I’m sitting in bed typing with one hand, still wearing my sweatshirt because I have this wonderful lump of a little boy asleep on my chest and I’m just not willing to put him down.
These moments of sweetness, they surprise me. The unreasonable amount of love I feel is overwhelming as I listen to his heavy breathing, little chest movements that try to shake him from his perch against my shoulder into a slumped puddle around my belly…
There are times when the emotion of motherhood is so raw and so encompassing I feel like a leaf flying in front of a hurricane.
I look back at the last six months and I can no longer even imagine what life would have been like if he hadn’t been born. I grieve that I wouldn’t have known how he would nudge the boundaries of my heart larger and fill my world with more light.
This is the emotion that makes me pause when we talk about whether our family is complete. It’s easy to say we are done having children when I’m in the midst of incessant requests and a tsunami of emotion, when I look at my gray hairs and realize I’m more adept at quoting child-rearing theories these days than articulating intended outcomes, cost/benefit plans, and navigating organizational politics.
To be honest, I crave the days when things were orderly, when the shoulders of my shirts didn’t sport various forms of mucous, when my time was my own to direct. There was never a layer of dust on the leaves of the potted plants and when I went shopping I never stopped in the toy section just to see if there were any amazing new products.
From my current chaotic state I look at the clean lines of that life and sigh.
Then I take another look, this one influenced by the memory of daily laughter, awe, mystery, curiosity, and humility, and realize the emptiness of my previous life of order. Child rearing is the hardest job I was never prepared for, and some days I want to cry, to rage, to quit….
But then I feel this little body huddled on my chest and my arms don’t have the strength to put him down because I realize his presence is my blessing, a genuine miracle wearing 6-9 month footie pajamas!
I can’t imagine what I would have missed had he never been born.
And I am replenished to stand up for another day, to give my all to this battle once more and relish the treasure of childhood.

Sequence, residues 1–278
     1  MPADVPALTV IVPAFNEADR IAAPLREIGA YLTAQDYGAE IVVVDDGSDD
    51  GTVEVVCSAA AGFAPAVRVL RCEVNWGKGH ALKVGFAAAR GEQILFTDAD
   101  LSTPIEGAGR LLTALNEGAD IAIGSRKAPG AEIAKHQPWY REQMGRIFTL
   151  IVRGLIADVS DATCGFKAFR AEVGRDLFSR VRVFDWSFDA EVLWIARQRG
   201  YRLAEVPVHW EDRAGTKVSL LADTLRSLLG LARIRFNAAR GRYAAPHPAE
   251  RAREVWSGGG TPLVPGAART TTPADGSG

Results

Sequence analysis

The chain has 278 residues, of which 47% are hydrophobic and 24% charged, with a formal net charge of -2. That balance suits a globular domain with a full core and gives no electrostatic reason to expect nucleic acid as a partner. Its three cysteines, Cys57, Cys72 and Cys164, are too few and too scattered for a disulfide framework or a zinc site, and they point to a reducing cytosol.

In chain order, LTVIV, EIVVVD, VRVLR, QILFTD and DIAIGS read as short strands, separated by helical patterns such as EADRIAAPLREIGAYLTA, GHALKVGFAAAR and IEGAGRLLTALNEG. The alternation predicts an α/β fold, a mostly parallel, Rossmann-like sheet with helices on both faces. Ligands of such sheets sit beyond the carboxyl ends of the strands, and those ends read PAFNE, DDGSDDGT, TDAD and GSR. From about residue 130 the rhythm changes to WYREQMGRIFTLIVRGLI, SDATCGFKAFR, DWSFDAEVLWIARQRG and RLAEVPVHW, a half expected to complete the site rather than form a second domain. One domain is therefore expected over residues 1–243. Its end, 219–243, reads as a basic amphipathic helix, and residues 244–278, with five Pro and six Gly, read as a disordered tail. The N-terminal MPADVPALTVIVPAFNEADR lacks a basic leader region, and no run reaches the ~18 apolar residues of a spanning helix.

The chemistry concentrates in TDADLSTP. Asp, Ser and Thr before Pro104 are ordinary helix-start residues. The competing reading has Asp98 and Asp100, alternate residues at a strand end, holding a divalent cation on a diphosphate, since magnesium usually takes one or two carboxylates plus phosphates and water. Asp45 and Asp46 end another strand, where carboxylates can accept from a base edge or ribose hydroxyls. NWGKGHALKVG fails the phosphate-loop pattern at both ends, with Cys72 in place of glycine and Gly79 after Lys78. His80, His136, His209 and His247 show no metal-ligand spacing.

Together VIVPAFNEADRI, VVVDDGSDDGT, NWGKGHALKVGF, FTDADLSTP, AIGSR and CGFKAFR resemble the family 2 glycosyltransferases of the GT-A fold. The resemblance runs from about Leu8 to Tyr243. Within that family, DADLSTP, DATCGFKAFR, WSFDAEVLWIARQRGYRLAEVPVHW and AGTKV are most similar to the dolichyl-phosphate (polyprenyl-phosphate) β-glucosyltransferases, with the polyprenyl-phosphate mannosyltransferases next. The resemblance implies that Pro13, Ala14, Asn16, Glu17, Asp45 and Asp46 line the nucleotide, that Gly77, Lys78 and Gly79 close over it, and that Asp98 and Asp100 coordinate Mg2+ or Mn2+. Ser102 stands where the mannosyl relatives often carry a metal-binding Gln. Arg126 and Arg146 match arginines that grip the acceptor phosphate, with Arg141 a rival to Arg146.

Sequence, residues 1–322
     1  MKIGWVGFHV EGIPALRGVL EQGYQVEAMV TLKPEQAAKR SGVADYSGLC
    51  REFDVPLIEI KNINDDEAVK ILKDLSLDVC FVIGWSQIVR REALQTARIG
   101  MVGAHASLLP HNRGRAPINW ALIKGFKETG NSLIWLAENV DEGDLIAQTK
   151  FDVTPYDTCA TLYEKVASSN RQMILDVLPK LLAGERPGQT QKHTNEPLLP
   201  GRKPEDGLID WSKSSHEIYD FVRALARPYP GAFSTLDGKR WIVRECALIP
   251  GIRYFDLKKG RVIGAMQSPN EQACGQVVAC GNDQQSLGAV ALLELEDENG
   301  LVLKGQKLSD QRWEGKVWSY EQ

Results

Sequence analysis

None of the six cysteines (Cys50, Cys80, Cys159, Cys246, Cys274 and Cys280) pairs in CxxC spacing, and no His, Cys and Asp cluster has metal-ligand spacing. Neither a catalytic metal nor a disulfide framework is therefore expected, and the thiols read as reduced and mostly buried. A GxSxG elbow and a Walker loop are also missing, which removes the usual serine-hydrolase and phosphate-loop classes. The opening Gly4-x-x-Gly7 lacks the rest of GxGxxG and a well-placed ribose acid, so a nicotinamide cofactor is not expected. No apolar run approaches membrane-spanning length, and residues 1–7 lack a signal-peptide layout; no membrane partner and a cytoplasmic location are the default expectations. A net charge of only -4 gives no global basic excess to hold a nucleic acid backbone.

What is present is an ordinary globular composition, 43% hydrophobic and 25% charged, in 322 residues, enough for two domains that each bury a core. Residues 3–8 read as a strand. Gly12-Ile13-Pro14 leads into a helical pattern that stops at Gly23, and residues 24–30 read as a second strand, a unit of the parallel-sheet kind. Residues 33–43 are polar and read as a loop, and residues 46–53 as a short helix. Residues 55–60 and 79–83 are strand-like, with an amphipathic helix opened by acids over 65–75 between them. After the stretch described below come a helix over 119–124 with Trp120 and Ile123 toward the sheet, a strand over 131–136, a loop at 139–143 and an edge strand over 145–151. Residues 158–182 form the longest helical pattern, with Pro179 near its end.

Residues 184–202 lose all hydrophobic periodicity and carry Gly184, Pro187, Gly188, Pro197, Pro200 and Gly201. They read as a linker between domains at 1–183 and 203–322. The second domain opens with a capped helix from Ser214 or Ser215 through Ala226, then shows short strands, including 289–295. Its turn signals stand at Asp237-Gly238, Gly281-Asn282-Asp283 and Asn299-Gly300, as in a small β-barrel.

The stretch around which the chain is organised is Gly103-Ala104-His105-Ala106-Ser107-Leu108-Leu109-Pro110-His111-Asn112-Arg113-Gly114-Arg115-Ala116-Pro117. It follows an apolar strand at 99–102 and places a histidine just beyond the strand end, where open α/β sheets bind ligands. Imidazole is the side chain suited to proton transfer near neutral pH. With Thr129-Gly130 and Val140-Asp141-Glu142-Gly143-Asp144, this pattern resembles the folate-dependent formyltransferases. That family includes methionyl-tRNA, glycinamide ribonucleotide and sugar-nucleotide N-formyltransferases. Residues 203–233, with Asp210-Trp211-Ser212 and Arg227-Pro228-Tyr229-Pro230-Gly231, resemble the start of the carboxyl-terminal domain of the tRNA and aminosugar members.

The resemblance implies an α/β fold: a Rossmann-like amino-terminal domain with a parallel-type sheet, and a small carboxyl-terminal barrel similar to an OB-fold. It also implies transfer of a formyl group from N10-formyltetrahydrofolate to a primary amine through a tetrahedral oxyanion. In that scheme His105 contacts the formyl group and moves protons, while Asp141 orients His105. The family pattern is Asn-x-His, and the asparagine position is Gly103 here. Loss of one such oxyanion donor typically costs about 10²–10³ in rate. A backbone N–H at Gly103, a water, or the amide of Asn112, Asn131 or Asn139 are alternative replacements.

Courage doesn’t always roar.
Sometimes courage is the quiet voice at the end of the day saying,
Yeah, yeah, I know, it’s October. It doesn’t make much sense to publish my top picks from September in October but considering I’ve been losing track of days like crazy I think you should put a cork in your critical attitude and extend some bloggy love by clicking through to these awesome posts.
1. Do You Like Staying At Home? This post mirrored many of my feelings about the transition from working mom to work-at-home mom. I wonder if it will strike a chord with you?
2. A Disease Called Perfection. I discovered this post a year ago and even blogged about it. I ran across it again because of the Timehop app I use that sends me what I did one year ago every day and fell in love all over again. Some things are good enough to be shared repeatedly.
3. What Boys Need From Moms. I’m a mom of a boy now. It still catches me by surprise, particularly when the young man squeals his super-shrill squeal when his backside touches the cold vinyl cover of his changing table. Still, it’s good to have suggestions about how to parent this man-child.
6. Weak Words. This listing of weak words to use while writing was particularly convicting for me – I use a lot of weak words in my conversational writing style! It’s a great reminder of best writing practices.
7. Make 24-hour Go Bags for Your Kids. No one wants to think about disasters happening but tonight as I wandered through our local ranch supply store I saw a wall of emergency preparedness kits. “Go Bags” are a really, really good idea to have for your family. This post gives you the basics of how to make them.